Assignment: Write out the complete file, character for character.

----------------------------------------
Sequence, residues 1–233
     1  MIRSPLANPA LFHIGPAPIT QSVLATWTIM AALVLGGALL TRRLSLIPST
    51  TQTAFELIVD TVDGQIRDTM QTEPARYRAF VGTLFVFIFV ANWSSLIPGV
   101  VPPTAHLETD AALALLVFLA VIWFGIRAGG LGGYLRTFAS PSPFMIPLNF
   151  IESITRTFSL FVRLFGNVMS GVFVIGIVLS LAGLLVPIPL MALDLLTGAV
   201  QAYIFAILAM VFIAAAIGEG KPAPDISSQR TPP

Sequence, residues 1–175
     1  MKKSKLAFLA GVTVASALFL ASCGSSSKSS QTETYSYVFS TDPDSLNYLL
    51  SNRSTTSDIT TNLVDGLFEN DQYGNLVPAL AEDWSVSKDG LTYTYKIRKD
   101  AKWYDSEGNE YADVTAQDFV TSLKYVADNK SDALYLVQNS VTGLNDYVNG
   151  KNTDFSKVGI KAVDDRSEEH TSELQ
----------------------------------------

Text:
Sequence, residues 1–233
     1  MIRSPLANPA LFHIGPAPIT QSVLATWTIM AALVLGGALL TRRLSLIPST
    51  TQTAFELIVD TVDGQIRDTM QTEPARYRAF VGTLFVFIFV ANWSSLIPGV
   101  VPPTAHLETD AALALLVFLA VIWFGIRAGG LGGYLRTFAS PSPFMIPLNF
   151  IESITRTFSL FVRLFGNVMS GVFVIGIVLS LAGLLVPIPL MALDLLTGAV
   201  QAYIFAILAM VFIAAAIGEG KPAPDISSQR TPP

Sequence, residues 1–175
     1  MKKSKLAFLA GVTVASALFL ASCGSSSKSS QTETYSYVFS TDPDSLNYLL
    51  SNRSTTSDIT TNLVDGLFEN DQYGNLVPAL AEDWSVSKDG LTYTYKIRKD
   101  AKWYDSEGNE YADVTAQDFV TSLKYVADNK SDALYLVQNS VTGLNDYVNG
   151  KNTDFSKVGI KAVDDRSEEH TSELQ